Similarly, at the bottom of the ocean (the team used samples from up to a kilometer deep), complex topography like underwater valleys will channel ocean currents like rivers, and accelerate them. Here, the water is moving so fast it’s keeping sediment in suspension, just as it would in the middle of a swiftly-flowing river. But wherever the currents are slow, the sediment falls out of suspension, creating what are essentially underwater sand dunes, sometimes many kilometers in length.
Microplastics abide by the same physics: The study found their concentrations were a lot lower in samples taken from channels where currents are stronger than in areas where currents are slower and the plastic bits can fall out and settle on the seafloor. This creates the hot spots. And, unfortunately, these also happen to be biodiversity hot spots, because the same currents have also deposited nutrients there.
Here bottom-dwelling critters (benthic organisms like sea cucumbers, which gobble up sediment and filter out the edible bits) could well be consuming the tiny plastics—coated in biofilm, which may be carrying viruses and bacteria—in addition to the actual food carried in by the current. The precise effects these particles have on such animals is still being studied. But there are troubling signs that microplastics are affecting some species’ behavior: Recent research has shown that hermit crabs exposed to the stuff struggle to select new shells.
And researchers are concerned that the particles will work their way up the food chain, as smaller creatures like bivalves and baby fish eat the microplastics before themselves becoming prey to something even larger. “They’re being eaten by bigger and bigger and bigger creatures,” says Kane. “Of course, they’re eventually eaten by things that we eat. So the next time you’re eating a nice tuna steak, you might be eating decades-old microplastics contaminated with all kinds of toxins.”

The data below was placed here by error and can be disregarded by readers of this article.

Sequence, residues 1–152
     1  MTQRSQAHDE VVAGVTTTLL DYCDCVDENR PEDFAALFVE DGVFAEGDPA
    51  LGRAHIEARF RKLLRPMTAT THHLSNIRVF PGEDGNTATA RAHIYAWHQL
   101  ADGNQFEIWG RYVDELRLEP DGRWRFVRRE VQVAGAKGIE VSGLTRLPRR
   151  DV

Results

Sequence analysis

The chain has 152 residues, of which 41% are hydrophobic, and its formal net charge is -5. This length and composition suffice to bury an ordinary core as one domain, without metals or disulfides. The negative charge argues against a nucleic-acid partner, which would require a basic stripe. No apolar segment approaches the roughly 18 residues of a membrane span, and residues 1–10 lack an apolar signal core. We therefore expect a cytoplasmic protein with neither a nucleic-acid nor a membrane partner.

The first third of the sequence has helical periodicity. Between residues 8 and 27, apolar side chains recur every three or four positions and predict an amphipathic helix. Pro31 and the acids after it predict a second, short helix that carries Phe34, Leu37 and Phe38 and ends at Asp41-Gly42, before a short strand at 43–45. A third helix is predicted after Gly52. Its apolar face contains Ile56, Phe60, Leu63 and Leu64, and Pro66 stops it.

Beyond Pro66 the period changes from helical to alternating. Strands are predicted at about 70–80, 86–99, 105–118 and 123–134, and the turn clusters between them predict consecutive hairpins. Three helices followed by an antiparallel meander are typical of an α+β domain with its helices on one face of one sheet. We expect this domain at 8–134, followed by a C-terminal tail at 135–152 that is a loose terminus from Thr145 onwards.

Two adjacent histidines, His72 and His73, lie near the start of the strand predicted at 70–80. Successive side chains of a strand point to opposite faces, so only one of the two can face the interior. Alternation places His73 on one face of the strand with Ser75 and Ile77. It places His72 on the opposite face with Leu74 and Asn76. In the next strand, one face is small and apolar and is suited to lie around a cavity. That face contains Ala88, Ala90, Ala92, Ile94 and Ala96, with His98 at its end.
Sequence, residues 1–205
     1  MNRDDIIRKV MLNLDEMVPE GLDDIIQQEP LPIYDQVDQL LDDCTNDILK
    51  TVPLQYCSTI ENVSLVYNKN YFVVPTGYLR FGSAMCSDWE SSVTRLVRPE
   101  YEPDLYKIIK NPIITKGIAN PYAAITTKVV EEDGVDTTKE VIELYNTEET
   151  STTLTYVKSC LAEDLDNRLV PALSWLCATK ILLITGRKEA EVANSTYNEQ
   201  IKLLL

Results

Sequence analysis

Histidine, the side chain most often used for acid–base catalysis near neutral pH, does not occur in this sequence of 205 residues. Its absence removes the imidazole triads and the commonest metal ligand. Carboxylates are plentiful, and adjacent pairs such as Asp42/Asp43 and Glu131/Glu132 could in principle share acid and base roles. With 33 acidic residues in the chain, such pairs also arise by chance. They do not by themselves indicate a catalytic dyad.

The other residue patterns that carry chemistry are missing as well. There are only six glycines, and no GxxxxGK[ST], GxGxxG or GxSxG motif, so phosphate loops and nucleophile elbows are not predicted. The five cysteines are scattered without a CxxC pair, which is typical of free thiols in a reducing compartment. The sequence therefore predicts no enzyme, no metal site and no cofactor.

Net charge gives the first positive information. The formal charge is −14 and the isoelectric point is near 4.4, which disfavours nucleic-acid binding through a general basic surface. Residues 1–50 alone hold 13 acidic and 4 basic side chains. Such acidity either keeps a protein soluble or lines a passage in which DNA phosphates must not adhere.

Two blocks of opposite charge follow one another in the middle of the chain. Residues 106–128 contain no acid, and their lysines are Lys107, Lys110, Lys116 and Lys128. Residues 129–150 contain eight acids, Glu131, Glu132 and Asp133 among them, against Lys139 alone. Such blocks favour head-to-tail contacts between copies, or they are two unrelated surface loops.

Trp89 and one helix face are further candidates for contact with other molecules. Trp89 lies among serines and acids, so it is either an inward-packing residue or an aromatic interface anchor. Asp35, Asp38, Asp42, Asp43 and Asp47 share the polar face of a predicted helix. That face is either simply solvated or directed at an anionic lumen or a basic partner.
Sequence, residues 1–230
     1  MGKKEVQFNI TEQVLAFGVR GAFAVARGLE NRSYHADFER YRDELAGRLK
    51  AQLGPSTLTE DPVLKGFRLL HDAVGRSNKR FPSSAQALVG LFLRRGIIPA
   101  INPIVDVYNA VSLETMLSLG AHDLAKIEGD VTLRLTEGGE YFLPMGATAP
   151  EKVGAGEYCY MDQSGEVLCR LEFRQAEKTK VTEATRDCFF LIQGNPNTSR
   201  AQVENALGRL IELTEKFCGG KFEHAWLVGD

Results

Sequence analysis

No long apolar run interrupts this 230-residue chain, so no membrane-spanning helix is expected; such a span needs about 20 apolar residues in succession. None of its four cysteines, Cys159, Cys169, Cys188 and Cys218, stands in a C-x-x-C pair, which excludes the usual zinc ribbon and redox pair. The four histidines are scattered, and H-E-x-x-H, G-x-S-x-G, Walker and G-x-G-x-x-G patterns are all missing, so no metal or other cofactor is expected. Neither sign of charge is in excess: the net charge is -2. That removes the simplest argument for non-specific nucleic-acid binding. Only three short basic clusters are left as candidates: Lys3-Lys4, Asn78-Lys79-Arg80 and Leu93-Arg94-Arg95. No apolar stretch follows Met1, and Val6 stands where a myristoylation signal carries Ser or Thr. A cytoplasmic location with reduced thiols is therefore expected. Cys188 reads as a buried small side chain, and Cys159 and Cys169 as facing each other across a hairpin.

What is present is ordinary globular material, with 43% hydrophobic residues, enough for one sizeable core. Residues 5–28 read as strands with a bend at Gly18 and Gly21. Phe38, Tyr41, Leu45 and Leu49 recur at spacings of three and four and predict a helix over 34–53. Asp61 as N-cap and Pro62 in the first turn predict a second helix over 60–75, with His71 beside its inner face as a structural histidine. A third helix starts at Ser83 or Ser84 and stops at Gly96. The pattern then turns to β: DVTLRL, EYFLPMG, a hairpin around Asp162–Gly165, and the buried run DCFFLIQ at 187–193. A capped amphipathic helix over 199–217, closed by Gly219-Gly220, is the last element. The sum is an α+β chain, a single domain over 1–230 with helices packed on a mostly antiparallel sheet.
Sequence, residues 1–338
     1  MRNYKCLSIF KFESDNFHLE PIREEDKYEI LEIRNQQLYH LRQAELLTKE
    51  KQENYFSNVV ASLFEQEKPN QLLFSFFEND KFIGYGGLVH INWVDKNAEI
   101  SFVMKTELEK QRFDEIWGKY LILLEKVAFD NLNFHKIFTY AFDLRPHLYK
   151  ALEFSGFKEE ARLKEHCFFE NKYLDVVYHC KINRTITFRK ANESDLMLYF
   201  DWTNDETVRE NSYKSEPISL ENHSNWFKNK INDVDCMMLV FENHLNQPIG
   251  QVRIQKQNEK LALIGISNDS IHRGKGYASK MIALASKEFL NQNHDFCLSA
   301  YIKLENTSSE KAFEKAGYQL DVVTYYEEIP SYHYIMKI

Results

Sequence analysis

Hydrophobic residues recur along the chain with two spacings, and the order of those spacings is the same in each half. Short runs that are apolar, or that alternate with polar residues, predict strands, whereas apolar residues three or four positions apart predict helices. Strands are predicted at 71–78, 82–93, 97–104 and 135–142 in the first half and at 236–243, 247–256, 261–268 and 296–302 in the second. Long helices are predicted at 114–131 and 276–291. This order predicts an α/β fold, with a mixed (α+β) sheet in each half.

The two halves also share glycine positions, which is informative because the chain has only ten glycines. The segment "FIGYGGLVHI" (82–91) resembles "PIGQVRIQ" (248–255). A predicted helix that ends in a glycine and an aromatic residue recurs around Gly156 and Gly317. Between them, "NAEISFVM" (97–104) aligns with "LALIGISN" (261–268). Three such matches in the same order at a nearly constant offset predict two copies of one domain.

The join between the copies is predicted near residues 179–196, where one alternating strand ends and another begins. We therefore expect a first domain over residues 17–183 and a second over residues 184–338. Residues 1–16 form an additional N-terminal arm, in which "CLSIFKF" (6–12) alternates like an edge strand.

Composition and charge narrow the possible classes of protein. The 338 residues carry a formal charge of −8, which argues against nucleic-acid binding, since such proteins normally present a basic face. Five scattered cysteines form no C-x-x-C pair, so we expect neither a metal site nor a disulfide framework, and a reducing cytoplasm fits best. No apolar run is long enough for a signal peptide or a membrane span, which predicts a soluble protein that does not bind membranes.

Microplastics are showing up in many benthic species, particularly filter-feeders like mussels. “And some of them can even take that microplastic from their gut tissue into their muscle tissue,” says the Scripps Institution of Oceanography’s Jennifer Brandon, who studies microplastics but wasn’t involved with this research. That might not matter when we humans eat a mussel, since we eat the whole thing. “That does matter if fish and other animals are doing that, too, because we only eat their muscle tissue,” she says, because the plastic could be moving through the lining of their guts and concentrating in those edible bits.
Alternatively, maybe even if a fish eats a piece of microplastic and it passes right through its system, the microplastic still leaves some toxic traces behind. “Did the chemicals from that plastic leach into their tissues that we’re going to eat?” Brandon asks. “That is very, very understudied.”
It still might be too early to assume microplastic is toxic for bottom-dwelling species, says University of Michigan eco-toxicologist Allen Burton, who studies microplastics but wasn’t involved in this new work—although he notes that the situation doesn’t look like it’s about to get any better. “I think with the predictions that plastic production is going to continue to go up and up and up, that these numbers of fibers and fragments are just going to increase in these areas where they tend to accumulate,” he says. “So it could be that we reach that threshold at some point, where it actually is causing adverse impacts on the benthic organisms. I doubt it is at this point.”
The discovery of these underwater hot spots is a breakthrough in decoding the mystery of the missing ocean trash: The plastic we can see floating out in the ocean accounts for perhaps 1 percent of the mass that should be out there, given rates of pollution. It’s increasingly clear from this study and others that much of this trash isn’t truly missing, it’s just been ground down into miniscule bits and transported by ocean currents.